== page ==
|Half note||2 beats|
|4th note or Crotchet||1 beat|
|8th note||½ beat|
|16th note||¼ beat|
|32th beat||⅛ beat|
The time signature indicates the meter of the song, as well as how the beats are organized within a measure.
Such “measure” is known as “bar,” which, simply put, is a musical pattern containing an organized meter.
The number on the left indicates how many identical meter units are per bar, or how many beats per bar. The number on the right indicates how to count them:
- 4 means crotchet
- 8 means 8th note
It means a standard 4/4 time has 4 crotchets per bar, whereas a 2/4 has two crotches per bar.
The bar or measure is the segment of time that corresponds to a specific number of beats. It has boundaries on a musical sheet which are represented by thin lines.
2/4 time signature
A 2/4 time signature is standard in bossa nova music and other Brazilian styles. Let’s break it down:
- The “2” indicates bar contains two identical metric units;
- The “4” indicates each of these metric units is a crotchet;
- A 2/4 time signature means there are two crotchet beats per bar.
More so, in bossa nova, a musical phrase lasts 8 bars (or 4 bars in a 4/4 time signature). So, to make it easier for you, we’re calling the 1st and 5th beat main beats.
Let’s see it in the example below:
2/4 time signature is the standard timing for bossa nova. It just means 2 crotchets per bar.
Some people study and play bossa nova with a 4/4 time signature, which, in essence, doesn’t change anything but the accentuation.
Because I feel the 2/4 goes more naturally with the genre I’ll keep the 2/4 going forward, although I’ll also give some insight onto 4/4 bossa novas because you’ll find plenty of bossa nova tutorials with a 4/4 timing on the web.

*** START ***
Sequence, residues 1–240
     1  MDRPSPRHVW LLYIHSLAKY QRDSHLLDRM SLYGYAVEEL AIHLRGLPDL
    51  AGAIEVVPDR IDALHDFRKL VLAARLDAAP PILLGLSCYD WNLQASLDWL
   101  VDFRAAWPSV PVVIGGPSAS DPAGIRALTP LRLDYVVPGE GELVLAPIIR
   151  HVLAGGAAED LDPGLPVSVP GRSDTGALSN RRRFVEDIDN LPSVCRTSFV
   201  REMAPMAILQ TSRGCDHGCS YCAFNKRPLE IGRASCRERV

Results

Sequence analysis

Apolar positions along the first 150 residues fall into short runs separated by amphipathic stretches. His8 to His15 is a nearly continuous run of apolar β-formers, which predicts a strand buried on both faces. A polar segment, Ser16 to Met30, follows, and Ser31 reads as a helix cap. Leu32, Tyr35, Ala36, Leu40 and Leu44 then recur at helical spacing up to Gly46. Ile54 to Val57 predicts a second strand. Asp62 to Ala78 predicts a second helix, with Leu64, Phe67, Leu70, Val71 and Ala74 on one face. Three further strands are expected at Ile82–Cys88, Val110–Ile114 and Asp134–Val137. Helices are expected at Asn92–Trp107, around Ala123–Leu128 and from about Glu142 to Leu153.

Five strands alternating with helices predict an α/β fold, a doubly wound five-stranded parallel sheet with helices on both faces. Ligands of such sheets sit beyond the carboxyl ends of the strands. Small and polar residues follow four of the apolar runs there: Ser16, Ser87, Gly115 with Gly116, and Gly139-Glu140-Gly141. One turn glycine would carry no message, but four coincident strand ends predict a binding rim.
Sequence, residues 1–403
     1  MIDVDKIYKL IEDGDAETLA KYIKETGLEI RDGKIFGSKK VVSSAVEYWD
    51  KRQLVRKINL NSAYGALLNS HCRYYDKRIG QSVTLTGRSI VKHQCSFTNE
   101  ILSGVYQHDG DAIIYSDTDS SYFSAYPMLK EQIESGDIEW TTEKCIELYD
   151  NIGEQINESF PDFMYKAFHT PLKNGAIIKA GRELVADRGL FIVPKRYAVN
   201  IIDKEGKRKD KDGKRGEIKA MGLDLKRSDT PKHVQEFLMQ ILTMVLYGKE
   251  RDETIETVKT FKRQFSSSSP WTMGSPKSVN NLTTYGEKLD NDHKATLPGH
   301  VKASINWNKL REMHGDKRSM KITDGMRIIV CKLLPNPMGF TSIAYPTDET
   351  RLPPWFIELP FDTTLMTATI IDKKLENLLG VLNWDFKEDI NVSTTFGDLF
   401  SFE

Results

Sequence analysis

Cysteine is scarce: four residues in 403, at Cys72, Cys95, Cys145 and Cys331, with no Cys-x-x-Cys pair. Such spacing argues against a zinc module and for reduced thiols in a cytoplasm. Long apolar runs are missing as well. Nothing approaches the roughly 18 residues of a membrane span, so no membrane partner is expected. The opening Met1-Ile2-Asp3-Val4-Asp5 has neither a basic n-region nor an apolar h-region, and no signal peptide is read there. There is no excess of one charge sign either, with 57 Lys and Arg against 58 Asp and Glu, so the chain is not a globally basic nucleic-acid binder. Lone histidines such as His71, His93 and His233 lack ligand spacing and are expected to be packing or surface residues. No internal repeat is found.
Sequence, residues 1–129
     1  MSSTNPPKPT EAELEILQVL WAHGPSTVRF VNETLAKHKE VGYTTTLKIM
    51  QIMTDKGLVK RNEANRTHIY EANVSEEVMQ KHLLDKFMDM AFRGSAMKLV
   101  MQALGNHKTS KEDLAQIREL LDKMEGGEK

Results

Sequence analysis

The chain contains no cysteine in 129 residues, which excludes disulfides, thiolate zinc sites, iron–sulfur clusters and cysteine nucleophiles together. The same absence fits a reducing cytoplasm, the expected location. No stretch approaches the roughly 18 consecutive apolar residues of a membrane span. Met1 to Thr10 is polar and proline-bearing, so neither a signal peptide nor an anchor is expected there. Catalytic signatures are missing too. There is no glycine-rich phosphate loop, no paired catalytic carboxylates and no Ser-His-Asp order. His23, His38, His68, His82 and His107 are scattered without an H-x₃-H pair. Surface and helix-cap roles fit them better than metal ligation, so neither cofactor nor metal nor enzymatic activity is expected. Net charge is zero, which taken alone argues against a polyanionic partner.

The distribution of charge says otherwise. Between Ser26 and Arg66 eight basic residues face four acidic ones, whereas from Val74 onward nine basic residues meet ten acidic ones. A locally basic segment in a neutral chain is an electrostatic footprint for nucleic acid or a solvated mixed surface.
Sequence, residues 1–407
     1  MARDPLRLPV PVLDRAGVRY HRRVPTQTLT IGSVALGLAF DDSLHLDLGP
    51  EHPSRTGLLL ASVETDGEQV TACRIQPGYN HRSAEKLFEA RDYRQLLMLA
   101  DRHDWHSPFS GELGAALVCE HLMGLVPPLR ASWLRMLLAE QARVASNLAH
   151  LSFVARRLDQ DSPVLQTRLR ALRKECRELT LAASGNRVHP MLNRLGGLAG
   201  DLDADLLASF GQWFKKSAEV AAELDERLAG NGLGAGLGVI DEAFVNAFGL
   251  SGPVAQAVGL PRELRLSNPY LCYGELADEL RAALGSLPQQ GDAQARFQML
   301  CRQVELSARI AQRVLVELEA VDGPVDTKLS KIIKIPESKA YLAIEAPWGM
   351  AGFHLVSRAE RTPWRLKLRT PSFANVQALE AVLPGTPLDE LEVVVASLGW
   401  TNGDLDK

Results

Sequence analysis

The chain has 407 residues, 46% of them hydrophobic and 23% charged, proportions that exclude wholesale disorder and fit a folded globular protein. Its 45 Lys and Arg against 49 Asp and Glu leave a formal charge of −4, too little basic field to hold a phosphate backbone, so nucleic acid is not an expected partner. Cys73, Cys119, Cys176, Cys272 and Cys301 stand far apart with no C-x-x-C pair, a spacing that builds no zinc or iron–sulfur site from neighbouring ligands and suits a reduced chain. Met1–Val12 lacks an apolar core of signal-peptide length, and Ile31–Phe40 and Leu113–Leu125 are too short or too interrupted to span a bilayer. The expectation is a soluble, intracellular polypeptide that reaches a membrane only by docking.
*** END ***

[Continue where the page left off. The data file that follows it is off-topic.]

Syncopation is the most important concept regarding bossa nova, and it’s an important feature in all Brazilian music.
A syncopation means delivering the notes at an unexpected time, which is often playing the notes on the odd beats rather than the strong beats while placing the staccato on the strong beats.
A syncope may have different strong-weak relationships than non-syncope songs. It depends on the phrase and other factors such as the accentuation of the syncopated beats.
There’re might be other ways to play a syncope which, in general, alter the perception of the meter and the accentuation of the beats. However, we’ll stick with the following formula:
Bossa Nova syncope:
2/4 time signature /Strong beats (lower notes) – Weak beats (chord notes) – If there are two consecutive chord notes, the second one is the strongest.
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Beats and accentuation
As we divide each metric unit by two, we get twice the number of beats. And as we mentioned before, every pair of beats works with a strong-weak accentuation.
Every division of the metric unit gives you a new pair of beats. More so, every subsequent subdivision gives you a pair of strong-weak beats. If we go down the 16th note level, we’ll get two strong beats and two odd beats in that order.
- The 1st beat of every bar is the strong beat.
- The 1st beat of the 2/4 bossa nova time signature is the weak beat, because it’s syncopated.
- The pair beats of a 4/4 song are the strong beats (1 a d 3), however, the 3rd beat is weaker than the first
- The 2nd beat of a 2/4 beat is the weakest one; however, it’s the strong beat on bossa nova because it’s syncopated.
- The 1st beat of every phrase is the strongest one, as well as the first beat of every section (like a chorus or a verse). In bossa nova’s syncopated time, weirdly enough, the first beat of phrase’s last bar is the strongest one.
- A bossa nova phrase typically goes for 8 bars, which means the 2nd beat of the first bar, and the 1st beat of the last bar are the strongest ones.